MPs have voted to ban the docking of dogs' tails - but with an exemption for working dogs, such as those used by the police, Army or rescue services.
Boxers are among breeds which have had their tails docked
At the moment nearly 80,000 puppies in the UK have their tails removed each year - many for cosmetic reasons.
Critics say the practice is cruel, but supporters claim it is necessary for certain breeds to avoid injury.
The ban, with the exemption, passed by 476 votes to 63 during the report stage of the Animals Welfare Bill.
The government had been in favour of retaining the status quo, that docking should continue as long as it was carried out by a qualified vet.
But ministers agreed to let MPs settle the issue by putting forward three options for them to vote on - an outright ban, a ban with exemption for working dogs, or the status quo.
An outright ban on tail docking of dogs in England and Wales was rejected by just 11 votes.
The exemptions backed include dogs used by police forces, rescue services, the military, pest control firms and in sport shooting.
Animal Welfare Minister Ben Bradshaw said docking would continue when it was recommended by a vet for medical reasons.
Even with the exemption about 80% of current dockings would be illegal under the ban.
He said he favoured a ban with an exemption for working dogs after it was shown by the police that 20 dogs had had to have their tails docked in the last two years after being injured during security operations.
Supporters of docking argued the practice was necessary for certain breeds, such as boxers, to protect them against tail damage and for hygiene reasons.
Tory spokesman Bill Wiggin, who opposes a ban, said while docking "probably can hurt", it usually did not.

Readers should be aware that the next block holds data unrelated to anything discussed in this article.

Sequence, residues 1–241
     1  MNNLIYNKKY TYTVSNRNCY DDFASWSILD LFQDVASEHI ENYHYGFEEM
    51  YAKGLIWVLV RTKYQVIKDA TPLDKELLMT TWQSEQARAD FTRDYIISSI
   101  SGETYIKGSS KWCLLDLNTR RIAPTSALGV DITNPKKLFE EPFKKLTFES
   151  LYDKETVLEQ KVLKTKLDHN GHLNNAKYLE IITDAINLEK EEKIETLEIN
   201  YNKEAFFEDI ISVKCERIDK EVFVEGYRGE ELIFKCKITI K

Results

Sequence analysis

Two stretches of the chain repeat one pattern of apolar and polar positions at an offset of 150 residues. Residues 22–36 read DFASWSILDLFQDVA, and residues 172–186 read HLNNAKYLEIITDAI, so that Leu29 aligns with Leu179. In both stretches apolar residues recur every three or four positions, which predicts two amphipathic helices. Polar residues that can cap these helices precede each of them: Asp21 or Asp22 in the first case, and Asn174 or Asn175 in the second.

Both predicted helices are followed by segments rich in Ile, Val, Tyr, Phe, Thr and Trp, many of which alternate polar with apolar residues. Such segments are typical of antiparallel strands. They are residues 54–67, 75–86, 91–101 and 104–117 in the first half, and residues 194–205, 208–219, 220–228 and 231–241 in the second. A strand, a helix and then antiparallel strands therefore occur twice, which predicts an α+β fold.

"I think that this is something that people who own dogs have to deal with themselves. I don't like bans, I don't think there is a need to ban," he said.
Tory Henry Bellingham asked whether the "voice of the countryside" had "really been heard", adding that there was no "lasting pain" when a tail was docked.
But Labour's Shona McIsaac called for a total ban, describing the practice as "mutilation".
Liberal Democrat Norman Baker also backed a complete ban, saying: "A dog is born with a tail and therefore presumably it has a purpose otherwise it would have been eliminated through genetic manipulation over many generations."
The British Veterinary Association says 90% of vets are against what it describes as a painful procedure which should only be carried out for medical reasons.
David Bowles, RSPCA head of external affairs, said he would have preferred a total ban.
"MPs have rightly signalled that it is unacceptable in a civilised society to amputate a puppy's tail purely because some people think that it is aesthetically pleasing to disable a dog in this way," he said.
Mike Hobday, of the League Against Cruel Sports, said: "This is a scandalous and shabby compromise that will lead to unnecessary suffering for large numbers of dogs in the shooting industry."
The Animal Welfare Bill, which is currently going through Parliament, will impose fines of up to £20,000 and prison sentences of up to 51 weeks for animal cruelty.
It will also allow RSPCA inspectors to intervene earlier when an animal is reported as suffering, and give people clear instructions on how to look after their pets.